It’s the Friday before Labor Day so it is time to think about packing up for the long weekend (and posting a not-so-heavy blog entry). Looking back this past week, two different news bytes come to mind -- that are thought-provoking and somewhat connected. One was a recently released white paper by Walt Zywiak - my office buddy and esteemed co-worker in Emerging Practices on the multi-generational healthcare IT workforce. The paper discusses the challenges of managing professionals from several generations (e.g. boomers, gen x, gen y, etc) who have different expectations and skill sets. It has become one of the most popular pieces from EP and has been quoted in a number of healthcare and IT magazines.
The other was a short piece was in the September issue of CIO magazine entitled “30 Skills Every IT Person Needs.” So where is the correlation? Ah – check out the “30 skills” article and you will find a list of skills that includes working at the help desk, fixing basic PC issues, running cable, understanding the basics of system administration and networking, and working all night on a team project. In reading the white paper and speaking to Walt, it is clear that one of the concerns for CIOs is that people with these experiences and skills are often the ones who will be retiring in the near future. He calls it the brain drain. One quote from the paper sums it up pretty well - “The new generation is used to more robust products, understands less about their inner workings, and has generally not been exposed to formal IT management processes and disciplines.”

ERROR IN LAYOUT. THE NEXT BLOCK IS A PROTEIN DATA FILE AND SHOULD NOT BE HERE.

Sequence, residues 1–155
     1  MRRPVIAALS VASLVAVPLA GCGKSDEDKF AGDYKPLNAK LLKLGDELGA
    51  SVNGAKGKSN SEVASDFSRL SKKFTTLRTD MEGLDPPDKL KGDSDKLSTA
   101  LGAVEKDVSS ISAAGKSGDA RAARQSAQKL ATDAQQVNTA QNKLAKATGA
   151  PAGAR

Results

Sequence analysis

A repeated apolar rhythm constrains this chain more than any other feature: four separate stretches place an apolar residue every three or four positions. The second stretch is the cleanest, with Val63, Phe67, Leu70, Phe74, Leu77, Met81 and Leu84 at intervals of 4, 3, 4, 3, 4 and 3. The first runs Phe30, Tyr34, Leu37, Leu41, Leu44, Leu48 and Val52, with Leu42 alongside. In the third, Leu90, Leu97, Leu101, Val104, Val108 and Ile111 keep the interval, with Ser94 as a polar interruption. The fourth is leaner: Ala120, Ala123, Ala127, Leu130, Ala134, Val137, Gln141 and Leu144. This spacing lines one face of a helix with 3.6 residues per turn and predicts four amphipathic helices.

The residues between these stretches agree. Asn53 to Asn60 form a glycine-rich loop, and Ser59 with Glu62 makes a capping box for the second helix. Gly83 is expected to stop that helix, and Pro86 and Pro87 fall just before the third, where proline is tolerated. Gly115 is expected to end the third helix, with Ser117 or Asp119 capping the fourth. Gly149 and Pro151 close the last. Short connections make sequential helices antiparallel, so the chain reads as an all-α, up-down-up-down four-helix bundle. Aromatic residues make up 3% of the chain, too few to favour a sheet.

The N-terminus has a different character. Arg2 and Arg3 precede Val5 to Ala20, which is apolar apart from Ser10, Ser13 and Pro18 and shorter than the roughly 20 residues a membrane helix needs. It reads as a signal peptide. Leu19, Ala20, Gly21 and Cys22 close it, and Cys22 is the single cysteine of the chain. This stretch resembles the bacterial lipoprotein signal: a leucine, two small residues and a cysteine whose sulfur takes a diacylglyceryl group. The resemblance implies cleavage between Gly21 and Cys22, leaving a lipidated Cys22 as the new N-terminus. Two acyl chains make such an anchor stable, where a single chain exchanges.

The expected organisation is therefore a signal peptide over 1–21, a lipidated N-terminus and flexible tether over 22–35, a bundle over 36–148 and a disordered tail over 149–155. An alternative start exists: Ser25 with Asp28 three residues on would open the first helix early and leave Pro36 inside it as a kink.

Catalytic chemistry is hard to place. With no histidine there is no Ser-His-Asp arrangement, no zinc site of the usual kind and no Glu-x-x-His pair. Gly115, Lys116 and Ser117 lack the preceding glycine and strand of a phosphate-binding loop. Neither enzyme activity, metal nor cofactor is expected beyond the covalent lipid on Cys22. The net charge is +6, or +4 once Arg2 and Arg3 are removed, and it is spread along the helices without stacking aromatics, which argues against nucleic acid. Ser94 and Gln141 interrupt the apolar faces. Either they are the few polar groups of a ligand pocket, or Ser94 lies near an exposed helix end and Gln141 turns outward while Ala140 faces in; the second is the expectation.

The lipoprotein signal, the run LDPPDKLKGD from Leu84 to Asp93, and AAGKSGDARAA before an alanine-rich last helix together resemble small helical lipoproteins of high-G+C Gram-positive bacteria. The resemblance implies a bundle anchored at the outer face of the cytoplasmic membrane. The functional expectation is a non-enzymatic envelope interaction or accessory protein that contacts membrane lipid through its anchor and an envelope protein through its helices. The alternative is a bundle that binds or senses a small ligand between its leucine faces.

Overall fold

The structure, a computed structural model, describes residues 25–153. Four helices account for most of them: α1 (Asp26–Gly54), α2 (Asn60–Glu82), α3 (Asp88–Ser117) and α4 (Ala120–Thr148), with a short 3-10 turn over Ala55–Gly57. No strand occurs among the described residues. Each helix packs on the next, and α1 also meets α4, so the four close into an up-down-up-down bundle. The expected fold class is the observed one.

So where does this leave tomorrow’s IT work force that is expected to make great progress on all fronts – electronic health records, robots, and integration of clinical systems with medical devices – just to name a few? One CIO decided to put together a basics IT boot camp training course for new employees to set the baseline. Is it time for IT boot camp? Please share your experiences and thoughts.